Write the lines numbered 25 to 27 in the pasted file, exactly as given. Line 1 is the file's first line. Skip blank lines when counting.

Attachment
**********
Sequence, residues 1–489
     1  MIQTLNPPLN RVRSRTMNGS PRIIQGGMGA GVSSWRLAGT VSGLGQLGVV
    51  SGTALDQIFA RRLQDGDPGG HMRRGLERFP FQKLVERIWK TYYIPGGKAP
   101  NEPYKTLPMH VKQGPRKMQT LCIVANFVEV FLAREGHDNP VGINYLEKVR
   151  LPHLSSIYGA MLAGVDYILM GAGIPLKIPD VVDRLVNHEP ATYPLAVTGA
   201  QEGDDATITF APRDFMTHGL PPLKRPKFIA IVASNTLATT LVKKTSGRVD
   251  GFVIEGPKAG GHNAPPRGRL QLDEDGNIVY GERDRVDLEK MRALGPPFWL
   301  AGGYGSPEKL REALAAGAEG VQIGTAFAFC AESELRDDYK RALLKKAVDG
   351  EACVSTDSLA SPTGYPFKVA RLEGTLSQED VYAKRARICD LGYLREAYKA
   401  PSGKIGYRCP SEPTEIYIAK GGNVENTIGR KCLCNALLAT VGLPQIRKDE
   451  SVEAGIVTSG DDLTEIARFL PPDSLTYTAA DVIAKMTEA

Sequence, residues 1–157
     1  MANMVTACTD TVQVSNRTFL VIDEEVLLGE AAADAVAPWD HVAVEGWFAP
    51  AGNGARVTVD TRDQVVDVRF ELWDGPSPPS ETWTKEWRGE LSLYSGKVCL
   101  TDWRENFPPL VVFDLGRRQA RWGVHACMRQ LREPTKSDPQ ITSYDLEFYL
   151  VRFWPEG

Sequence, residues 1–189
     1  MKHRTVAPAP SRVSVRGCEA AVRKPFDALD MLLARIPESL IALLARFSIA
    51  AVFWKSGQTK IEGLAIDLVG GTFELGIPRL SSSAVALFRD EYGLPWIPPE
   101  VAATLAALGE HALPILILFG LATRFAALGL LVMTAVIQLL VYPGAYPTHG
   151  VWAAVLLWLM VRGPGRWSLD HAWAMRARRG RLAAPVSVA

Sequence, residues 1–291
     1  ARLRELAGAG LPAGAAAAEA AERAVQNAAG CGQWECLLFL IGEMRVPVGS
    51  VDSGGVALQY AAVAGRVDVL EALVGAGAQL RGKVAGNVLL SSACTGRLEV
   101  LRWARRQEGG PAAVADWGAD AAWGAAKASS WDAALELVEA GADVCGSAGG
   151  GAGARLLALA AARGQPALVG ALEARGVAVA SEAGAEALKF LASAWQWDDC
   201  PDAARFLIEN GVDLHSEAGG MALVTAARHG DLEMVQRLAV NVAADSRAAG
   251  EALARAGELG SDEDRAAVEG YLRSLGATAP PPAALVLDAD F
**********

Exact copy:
   101  LRWARRQEGG PAAVADWGAD AAWGAAKASS WDAALELVEA GADVCGSAGG
   151  GAGARLLALA AARGQPALVG ALEARGVAVA SEAGAEALKF LASAWQWDDC
   201  PDAARFLIEN GVDLHSEAGG MALVTAARHG DLEMVQRLAV NVAADSRAAG